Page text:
A MENTAL health nurse recorded men urinating in a public toilet at Cheshire Oaks because voices in his head told him to do it, a court heard.

Sam Chi-Sum Cheong, 49, admitted having 26 videos on his phone, all taken during a shopping trip to the Ellesmere Port retail park on June 23 last year.

But he denied the charge of voyeurism claiming that the footage was not ‘for the purpose of sexual gratification’.

During a trial at Chester Magistrates Court on Tuesday (November 26), Cheong said he had stopped taking his medication for psychotic depression as it made him impotent and he and his wife were trying to have a baby.

This allowed the voices – including that of his deceased father – back into his head telling him to go into the toilets and press buttons on his phone.

“It was like being hypnotised,” Cheong told the court. “They tell me to do different things and I just follow their demands. They say ‘if you don’t it will get you killed’.

“The voices were telling me ‘get your phone out, press the apps’. I didn’t know I’d recorded anyone.”

However, in the absence of any medical evidence explaining his actions or his loss of memory about the incident magistrates found him guilty of voyeurism.

Outlining the case, prosecutor Adam Warner said two young men had “caught Cheong at it” at the toilets near Pizza Express at Cheshire Oaks last summer.

After alerting security, they confronted the defendant who tried to run away but was swiftly caught and taken into a side room.

Cheong then reportedly started screaming and tried to bite one of the men as they tried to take his phone off him, concerned he may attempt to delete the footage.

He was arrested and interviewed, during which he appeared to speak to people “not present” in the room, including his late father.

He explained he had been diagnosed with psychotic depression after his dad died in 2017 but had not taken his medication for the past 10 days. He and his wife were trying for a baby as it was considered shameful not to have children in Chinese culture.

Cheong told officers he only had a “brief memory” of what happened at Cheshire Oaks but after viewing the videos on his phone said he found them “disgusting”.

“He said ‘why would I want to look at other men’s penises when I have my own penis to look at?’,” Mr Warner told the court.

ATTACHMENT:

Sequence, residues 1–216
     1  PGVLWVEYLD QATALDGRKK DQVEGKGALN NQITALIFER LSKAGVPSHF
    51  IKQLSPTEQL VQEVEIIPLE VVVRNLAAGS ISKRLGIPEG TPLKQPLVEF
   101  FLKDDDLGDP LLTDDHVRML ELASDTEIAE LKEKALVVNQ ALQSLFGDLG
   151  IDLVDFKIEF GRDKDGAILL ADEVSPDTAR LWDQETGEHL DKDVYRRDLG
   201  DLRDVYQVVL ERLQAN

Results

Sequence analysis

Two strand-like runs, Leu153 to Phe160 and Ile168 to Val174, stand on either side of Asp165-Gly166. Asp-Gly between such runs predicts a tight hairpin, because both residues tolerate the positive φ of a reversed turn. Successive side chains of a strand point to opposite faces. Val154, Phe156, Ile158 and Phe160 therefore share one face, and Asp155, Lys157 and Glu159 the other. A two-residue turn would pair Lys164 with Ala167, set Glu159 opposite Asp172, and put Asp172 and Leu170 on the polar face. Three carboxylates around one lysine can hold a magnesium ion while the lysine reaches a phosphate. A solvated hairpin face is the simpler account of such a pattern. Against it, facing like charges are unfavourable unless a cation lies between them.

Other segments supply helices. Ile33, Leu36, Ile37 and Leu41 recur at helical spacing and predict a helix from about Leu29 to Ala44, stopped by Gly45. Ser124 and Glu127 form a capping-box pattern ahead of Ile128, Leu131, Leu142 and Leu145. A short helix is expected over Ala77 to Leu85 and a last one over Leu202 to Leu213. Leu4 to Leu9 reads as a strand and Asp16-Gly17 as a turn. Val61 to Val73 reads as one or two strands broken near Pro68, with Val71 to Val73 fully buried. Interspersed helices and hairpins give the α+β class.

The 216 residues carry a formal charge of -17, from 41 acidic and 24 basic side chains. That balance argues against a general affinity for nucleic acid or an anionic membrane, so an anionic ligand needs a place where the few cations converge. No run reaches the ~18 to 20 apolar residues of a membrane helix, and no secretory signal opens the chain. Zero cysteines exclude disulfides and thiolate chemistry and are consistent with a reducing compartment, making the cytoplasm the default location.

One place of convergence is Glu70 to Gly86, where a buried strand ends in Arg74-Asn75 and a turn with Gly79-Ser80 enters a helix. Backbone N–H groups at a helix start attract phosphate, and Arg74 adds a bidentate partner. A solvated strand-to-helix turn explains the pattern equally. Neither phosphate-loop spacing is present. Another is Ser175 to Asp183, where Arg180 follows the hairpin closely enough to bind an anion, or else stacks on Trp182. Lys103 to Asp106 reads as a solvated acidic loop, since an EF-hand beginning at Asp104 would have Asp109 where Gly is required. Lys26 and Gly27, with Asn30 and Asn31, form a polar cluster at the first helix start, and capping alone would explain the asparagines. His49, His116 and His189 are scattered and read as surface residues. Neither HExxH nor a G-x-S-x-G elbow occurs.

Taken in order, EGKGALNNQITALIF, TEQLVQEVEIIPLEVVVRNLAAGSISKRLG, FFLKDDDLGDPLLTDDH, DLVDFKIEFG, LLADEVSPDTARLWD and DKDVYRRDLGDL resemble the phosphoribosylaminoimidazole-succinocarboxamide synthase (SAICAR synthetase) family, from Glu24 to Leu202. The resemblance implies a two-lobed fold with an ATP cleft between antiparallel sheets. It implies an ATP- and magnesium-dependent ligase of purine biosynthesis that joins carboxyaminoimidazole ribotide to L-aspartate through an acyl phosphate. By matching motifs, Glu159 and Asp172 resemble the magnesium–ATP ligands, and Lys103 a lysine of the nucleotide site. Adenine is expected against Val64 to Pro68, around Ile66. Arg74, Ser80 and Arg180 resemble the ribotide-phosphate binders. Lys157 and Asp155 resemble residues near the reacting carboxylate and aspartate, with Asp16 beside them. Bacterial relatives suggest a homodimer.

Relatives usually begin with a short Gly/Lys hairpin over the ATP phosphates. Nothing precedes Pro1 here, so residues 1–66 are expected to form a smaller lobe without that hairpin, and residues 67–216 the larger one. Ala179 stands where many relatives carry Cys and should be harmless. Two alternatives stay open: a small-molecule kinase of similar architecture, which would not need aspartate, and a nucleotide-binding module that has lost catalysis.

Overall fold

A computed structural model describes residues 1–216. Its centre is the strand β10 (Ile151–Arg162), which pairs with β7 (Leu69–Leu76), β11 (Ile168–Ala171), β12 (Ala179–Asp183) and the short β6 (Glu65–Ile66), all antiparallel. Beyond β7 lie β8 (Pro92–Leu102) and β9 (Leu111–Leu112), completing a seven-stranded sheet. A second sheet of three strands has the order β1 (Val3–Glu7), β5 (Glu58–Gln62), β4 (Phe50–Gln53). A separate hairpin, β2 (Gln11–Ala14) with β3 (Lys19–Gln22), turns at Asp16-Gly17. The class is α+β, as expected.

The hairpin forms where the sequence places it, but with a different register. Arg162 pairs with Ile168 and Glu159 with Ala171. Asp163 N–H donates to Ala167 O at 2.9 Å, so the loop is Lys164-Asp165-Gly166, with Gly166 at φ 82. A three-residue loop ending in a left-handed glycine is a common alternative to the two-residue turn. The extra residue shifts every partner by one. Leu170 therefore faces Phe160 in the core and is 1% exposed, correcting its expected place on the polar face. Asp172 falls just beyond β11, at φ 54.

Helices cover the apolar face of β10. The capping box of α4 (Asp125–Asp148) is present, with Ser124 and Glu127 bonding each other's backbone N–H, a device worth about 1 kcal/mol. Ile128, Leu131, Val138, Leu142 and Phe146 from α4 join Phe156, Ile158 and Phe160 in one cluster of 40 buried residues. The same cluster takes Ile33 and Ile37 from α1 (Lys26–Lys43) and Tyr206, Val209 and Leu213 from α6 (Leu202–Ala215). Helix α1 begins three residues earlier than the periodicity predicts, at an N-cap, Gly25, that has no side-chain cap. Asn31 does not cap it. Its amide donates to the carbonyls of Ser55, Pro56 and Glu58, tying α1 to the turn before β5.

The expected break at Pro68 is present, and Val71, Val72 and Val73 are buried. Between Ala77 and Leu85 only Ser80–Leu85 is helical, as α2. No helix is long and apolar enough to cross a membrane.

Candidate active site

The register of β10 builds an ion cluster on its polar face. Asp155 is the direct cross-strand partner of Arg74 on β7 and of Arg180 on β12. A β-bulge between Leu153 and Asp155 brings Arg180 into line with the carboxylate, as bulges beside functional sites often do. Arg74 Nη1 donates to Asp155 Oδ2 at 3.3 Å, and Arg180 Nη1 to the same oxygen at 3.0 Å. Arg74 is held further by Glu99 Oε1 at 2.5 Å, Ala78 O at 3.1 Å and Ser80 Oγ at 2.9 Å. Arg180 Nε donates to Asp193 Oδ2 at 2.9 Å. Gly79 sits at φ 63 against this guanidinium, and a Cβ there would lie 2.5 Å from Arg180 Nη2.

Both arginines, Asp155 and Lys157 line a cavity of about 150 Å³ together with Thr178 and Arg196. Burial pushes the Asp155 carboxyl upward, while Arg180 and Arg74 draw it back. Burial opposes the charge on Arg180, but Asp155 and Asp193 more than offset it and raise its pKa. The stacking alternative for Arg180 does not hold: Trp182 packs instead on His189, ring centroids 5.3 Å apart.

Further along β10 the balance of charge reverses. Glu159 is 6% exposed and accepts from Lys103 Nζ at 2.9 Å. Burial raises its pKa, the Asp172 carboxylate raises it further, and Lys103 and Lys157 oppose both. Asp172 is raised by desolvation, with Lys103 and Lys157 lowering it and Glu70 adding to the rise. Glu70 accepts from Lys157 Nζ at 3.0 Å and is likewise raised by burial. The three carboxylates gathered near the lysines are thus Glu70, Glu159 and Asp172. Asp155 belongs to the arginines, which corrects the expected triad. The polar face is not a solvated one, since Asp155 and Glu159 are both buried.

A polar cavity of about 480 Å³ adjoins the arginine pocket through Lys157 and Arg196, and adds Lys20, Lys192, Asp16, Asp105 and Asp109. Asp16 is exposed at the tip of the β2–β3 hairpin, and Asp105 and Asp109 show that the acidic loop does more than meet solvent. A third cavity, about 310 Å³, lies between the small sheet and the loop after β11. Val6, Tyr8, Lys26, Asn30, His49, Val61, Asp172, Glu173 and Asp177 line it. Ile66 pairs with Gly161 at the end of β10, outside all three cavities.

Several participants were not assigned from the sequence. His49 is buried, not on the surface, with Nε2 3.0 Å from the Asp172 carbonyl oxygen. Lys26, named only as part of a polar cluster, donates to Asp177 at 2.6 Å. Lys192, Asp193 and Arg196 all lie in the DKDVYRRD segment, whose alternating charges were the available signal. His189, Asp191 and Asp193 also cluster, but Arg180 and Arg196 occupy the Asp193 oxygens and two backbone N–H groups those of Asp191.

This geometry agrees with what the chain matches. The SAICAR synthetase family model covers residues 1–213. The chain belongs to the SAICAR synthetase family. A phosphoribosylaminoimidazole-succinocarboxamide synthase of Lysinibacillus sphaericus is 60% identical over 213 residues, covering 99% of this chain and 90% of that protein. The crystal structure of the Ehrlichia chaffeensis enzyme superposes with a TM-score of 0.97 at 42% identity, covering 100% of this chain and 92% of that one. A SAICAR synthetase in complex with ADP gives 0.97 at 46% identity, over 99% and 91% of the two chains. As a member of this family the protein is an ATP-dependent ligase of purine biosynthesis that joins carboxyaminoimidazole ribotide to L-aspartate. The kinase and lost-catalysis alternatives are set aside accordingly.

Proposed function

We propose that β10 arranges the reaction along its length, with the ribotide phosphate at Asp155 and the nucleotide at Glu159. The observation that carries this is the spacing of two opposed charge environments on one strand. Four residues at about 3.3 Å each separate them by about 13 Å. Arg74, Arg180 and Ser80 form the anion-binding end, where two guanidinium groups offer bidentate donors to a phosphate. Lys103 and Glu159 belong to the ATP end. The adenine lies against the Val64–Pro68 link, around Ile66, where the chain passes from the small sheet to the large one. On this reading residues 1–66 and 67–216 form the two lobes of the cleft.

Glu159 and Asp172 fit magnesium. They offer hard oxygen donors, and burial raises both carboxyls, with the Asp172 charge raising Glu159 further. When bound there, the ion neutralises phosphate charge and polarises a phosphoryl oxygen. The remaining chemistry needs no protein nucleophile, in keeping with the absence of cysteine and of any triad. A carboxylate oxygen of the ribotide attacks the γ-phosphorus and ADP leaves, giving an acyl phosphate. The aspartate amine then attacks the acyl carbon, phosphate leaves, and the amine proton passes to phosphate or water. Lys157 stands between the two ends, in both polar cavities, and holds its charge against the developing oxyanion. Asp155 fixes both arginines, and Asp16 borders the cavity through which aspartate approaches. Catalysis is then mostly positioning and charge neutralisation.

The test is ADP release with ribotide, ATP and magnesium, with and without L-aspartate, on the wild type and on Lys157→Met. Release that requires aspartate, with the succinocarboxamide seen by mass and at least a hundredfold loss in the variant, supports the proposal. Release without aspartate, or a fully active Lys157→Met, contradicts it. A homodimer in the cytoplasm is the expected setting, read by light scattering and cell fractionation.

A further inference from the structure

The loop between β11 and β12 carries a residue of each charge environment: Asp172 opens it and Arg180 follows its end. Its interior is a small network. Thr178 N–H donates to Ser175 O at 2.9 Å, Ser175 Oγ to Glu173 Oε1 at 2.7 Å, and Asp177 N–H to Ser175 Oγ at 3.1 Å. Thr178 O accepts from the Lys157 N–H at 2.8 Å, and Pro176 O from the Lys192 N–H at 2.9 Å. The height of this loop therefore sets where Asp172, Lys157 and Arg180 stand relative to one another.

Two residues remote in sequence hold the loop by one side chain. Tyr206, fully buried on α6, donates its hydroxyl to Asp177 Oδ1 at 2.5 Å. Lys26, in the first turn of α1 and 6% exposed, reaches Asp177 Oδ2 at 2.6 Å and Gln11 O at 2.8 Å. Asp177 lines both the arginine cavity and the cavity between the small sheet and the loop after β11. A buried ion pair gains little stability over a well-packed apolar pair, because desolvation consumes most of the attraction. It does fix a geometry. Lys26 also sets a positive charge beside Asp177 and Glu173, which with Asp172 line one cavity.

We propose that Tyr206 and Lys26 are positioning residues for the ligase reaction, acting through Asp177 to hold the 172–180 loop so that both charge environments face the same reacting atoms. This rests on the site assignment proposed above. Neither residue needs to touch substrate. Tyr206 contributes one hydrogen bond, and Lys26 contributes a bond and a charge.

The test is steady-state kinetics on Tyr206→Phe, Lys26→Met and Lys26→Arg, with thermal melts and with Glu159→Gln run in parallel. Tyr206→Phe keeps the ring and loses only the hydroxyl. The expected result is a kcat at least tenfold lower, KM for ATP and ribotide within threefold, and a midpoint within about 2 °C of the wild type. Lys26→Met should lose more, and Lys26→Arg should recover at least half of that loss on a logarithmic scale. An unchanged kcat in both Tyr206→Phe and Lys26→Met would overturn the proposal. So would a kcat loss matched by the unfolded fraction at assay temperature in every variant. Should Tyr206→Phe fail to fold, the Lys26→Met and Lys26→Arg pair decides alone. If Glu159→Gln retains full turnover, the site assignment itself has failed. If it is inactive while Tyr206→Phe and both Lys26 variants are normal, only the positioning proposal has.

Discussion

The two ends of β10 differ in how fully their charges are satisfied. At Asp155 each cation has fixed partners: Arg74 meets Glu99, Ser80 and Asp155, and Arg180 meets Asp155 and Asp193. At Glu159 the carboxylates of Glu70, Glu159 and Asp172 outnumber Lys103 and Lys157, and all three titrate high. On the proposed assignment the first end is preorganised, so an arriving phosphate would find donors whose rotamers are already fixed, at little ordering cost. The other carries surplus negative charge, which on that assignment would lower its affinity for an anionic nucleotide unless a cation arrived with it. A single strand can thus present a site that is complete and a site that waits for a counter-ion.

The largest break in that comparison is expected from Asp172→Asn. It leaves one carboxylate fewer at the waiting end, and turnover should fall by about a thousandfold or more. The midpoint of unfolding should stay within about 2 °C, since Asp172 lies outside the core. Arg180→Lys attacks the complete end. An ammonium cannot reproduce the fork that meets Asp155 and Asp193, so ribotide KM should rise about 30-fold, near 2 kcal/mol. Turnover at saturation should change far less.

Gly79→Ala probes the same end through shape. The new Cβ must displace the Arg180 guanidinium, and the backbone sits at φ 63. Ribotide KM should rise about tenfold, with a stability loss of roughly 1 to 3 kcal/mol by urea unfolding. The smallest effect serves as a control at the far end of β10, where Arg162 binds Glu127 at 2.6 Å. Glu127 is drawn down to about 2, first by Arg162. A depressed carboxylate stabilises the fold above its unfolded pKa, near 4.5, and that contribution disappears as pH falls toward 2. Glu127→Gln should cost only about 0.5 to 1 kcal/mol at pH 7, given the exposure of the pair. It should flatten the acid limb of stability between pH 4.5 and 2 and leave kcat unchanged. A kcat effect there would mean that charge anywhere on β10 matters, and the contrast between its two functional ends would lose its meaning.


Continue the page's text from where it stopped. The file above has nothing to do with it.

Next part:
A mental health professional undertook an assessment but Cheong was deemed fit to be interviewed and detained.

His defence team also commissioned a report from a consultant psychiatrist which found that his mental health issues could not explain his actions or his apparent memory loss.

Giving evidence in court, Cheong said he was a heterosexual man who deeply loved his wife of nine years.

Asked by Mr Warner how he would feel if someone had filmed him urinating, he said: “I would feel so angry if someone did that to me.

“I’m a professional [mental health nurse]. I know about protecting people’s privacy.

“I was shocked [to see the videos]. I’ve got no intention of filming other people. I know it’s illegal.

“On that day the voices were so demanding, telling me what to do. It was like I was hypnotised.”

Richard Sibeon, defending, stressed his client was a man of good character and that police had trawled his laptop and other devices but found nothing apart from the 26 videos recorded on a single day.

The court also heard that Cheong had been the victim of a gang attack in 2005 which left him with PTSD (post-traumatic stress disorder). He also spent many years travelling to and from Hong Kong to care for his father when he was suffering with cancer.

“There is no suggestion of a pattern or interest in this sort of offence,” Mr Sibeon added.

However, magistrates found the testimonies of the two young men credible while Cheong’s account was “selective in what you claim to remember”.

Finding him guilty, they adjourned the case until January while a pre-sentence report is prepared by the Probation Service. In the meantime, he was released on unconditional bail.

Cheong, of Barnhurst Close in Liverpool, has been on sick leave since the offence and will likely lose his job as a result of the conviction, the court heard.